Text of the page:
all, campaigns are about agendas. They form the basis of the overall debate. It is true,
however, that elections by the calendar rather than issue emergence can result in
substantial variation in the sequence of priorities. No one doubted that ending the war in
Vietnam was a priority for Nixon in 1968, or that energy and government ethics took
precedence for Carter in 1976. The economy was paramount for Reagan in 1980 and again
for Clinton in 1992 (“The economy, stupid”). Much less clear were the priorities for Bush
41 in 1988 when the campaign was criticized for lacking issues or for Bush 43 in 2000
when several issues were debated but no one issue stood out with the public as a priority.
Bush himself designated tax cuts as paramount. Having a clear theme is a distinct
advantage in transitioning into the government because it sets the purpose and direction of
a presidency, as well as aiding in deciding whom to appoint.
Media attention during the transition understandably focuses on critical appointments.
There is strong interest in filling in the boxes, those key cabinet posts and the principal
staff aides to the president. The transition is an anxious time for many campaignaides who
anticipate appointments. And interest runs high among groups that do business with the
government, as well as congressional committees and their staffs who will be working
with the White House and cabinet departments. Table 4.1 shows the present-day cabinet
departments and the secretaries, plus the attorney general, in the fall, 2006.
Certain practices and sequences have developed for making appointments, most of which
are effectively implemented if there has been transition planning prior to the election
itself. Among these rules are the following: select an appointments chief with federal
government experience, act fast, appoint White House staff and major cabinet posts (State,
Treasury, Defense, Justice) as early as feasible, quickly settle the futures of close advisers,
let appointments speak for policy, and separate the functions of dismantling the campaign
from those of managing appointments. Taken together these practices amount to clear-
headed and logical planning for a takeover, one in which program and personnel are
sufficiently coordinated as to convey a well-defined sense of mission. Measured by these
standards, the Kennedy (1960), Reagan (1980), and Bush 43 (2000) transitions received
high marks, the Carter (1976), Bush 41 (1988), and especially Clinton (1992) transitions
low marks. A smooth transition does not guarantee an effective presidency, but it does
make more likely an effective beginning.
“Innocent until nominated,” is how C. Boyden Gray, counsel to Bush 41, described the
appointment process. Paul C. Light, an expert on presidential appointments, has stated that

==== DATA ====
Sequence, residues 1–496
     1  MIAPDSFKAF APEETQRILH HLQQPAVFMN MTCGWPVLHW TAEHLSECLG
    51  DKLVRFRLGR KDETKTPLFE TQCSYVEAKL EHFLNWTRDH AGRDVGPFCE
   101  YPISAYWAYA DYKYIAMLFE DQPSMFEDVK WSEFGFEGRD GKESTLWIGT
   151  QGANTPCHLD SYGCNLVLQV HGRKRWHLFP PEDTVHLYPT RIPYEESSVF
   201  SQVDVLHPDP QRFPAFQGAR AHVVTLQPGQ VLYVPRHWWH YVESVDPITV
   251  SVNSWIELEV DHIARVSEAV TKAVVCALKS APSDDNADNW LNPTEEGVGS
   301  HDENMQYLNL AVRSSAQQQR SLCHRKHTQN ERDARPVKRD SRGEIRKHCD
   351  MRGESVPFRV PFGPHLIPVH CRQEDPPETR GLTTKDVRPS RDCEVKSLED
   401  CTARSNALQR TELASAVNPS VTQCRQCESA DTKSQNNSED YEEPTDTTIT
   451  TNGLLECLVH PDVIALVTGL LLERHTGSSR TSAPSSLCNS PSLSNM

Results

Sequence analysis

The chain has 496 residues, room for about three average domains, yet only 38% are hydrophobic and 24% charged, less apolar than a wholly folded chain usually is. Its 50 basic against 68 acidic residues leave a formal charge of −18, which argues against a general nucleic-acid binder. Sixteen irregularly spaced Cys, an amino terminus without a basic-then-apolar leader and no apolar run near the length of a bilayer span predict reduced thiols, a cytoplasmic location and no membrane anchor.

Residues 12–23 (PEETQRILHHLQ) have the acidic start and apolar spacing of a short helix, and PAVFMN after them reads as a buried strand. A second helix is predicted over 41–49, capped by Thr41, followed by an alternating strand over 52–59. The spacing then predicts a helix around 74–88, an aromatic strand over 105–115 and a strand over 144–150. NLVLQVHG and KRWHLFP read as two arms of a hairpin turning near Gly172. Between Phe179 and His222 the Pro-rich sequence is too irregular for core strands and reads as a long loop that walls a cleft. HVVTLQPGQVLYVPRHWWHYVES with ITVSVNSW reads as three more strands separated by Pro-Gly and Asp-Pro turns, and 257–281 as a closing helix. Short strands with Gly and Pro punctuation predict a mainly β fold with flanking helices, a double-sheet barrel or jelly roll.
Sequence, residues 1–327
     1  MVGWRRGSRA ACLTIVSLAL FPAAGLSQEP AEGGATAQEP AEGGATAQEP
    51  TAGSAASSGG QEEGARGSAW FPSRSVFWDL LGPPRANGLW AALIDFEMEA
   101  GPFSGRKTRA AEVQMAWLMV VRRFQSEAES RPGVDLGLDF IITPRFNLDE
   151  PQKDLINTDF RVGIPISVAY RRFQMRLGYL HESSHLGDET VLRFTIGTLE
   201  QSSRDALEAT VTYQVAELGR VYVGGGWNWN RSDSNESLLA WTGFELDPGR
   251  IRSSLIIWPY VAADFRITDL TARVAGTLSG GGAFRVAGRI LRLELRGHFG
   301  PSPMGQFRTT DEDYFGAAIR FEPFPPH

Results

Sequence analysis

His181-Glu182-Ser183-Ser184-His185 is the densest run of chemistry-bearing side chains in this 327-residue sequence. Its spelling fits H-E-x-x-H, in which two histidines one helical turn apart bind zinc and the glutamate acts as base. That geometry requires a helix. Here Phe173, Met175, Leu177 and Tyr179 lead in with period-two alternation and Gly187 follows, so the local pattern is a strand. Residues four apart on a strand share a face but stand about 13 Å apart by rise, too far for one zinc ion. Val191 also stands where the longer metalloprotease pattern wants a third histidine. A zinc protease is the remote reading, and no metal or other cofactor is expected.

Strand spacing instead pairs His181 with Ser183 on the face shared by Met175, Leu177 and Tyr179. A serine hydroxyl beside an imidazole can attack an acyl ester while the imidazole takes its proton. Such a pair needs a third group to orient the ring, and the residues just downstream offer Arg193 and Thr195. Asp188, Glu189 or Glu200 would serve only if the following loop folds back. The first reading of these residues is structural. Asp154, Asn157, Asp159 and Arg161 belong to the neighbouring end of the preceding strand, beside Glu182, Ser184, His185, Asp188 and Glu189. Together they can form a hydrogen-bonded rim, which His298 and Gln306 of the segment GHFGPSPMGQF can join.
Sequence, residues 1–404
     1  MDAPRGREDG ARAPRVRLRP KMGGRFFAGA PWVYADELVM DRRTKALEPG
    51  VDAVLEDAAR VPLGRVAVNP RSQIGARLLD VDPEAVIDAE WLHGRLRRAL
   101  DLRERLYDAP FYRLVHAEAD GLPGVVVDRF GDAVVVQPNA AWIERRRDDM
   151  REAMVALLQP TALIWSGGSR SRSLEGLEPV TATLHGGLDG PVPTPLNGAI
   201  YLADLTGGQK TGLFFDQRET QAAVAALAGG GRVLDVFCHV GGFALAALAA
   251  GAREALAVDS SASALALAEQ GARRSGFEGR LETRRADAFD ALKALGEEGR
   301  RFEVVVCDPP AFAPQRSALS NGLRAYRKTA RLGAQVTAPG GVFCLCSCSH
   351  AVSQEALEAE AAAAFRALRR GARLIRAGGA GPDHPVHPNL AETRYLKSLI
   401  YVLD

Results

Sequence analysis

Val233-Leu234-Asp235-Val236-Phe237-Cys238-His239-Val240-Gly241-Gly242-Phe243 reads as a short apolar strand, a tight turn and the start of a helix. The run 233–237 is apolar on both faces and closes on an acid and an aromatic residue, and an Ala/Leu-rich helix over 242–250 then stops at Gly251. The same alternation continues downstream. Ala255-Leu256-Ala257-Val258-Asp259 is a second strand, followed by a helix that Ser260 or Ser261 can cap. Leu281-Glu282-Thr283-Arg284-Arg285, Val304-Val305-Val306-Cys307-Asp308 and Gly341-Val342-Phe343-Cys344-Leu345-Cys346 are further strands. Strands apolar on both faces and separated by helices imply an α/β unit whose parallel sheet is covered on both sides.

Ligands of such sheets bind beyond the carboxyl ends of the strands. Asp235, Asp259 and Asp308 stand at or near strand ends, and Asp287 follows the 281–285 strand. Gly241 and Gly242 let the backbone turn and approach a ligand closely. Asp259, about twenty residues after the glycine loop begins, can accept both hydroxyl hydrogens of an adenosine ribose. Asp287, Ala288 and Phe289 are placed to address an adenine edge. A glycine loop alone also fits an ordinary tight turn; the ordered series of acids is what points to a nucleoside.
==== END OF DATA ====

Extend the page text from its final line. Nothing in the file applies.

“the appointment process itself has been the most significant barrier” to convincing
quality executives to enter government.3 Nominees are subject to background checks by
the Federal Bureau of Investigation, elaborate financial disclosure forms, reviews by
Senate committee staff, questioning in confirmation hearings, and scrutiny by the media
and interest groups. All of this examination takes time. Delay in filling critical posts,
especially at the
Table 4.1 Cabinet Departments and Those Serving in 2006 Cabinet

Department Created Serving in 2006 (No.)*

State 1789 Condoleezza Rice (64th)

Treasury 1789 Henry Paulson (74th)

1789 as War; 1798 as Navy; Donald Rumsfeld (21st


Defense
1947 as Defense as Defense)

1792 as Attorney General; Alberto Gonzalez (79th


Justice
1870 as Justice as Attorney General)
Interior 1849 Dirk Kempthorne (49th)

Agriculture 1889 as cabinet level Michael Johanns (29th)

1913 (originally Commerce


Labor Elaine Lan Chao (24th)
and Labor, 1903)

1913 (originally Commerce


Commerce Carlos Gutierrez (36th)
and Labor, 1903)

Health and 1953 as Health, Education, Michael Leavitt (20th as


Human Services and Welfare; 1979 as HHS HEW; 8th as HHS

Housing and
Urban 1965 Alphonso Jackson (13th)
Development

Transportation 1966 Mary E. Peters (15th)

Energy 1977 Samuel Bodman (11th)

Education 1979 Margaret Spellings (8th)

Veterans Affairs 1988 Jim Nicholson (6th)

Homeland
2002 Michael Chertoff (2nd)
Security

*Does not count individuals twice if they served more than one president in the position.
Source: Compiled by the author from information in The United States Government Manual, 2005–2006
(Washington, DC: Government Printing Office, 2005).

Fig. 4.2. Transition from one generation to the next—Eisenhower to Kennedy.


(Dwight D. Eisenhower Library)
subcabinet level, complicates an already challenging task for a new president in assuming
responsibility for governing.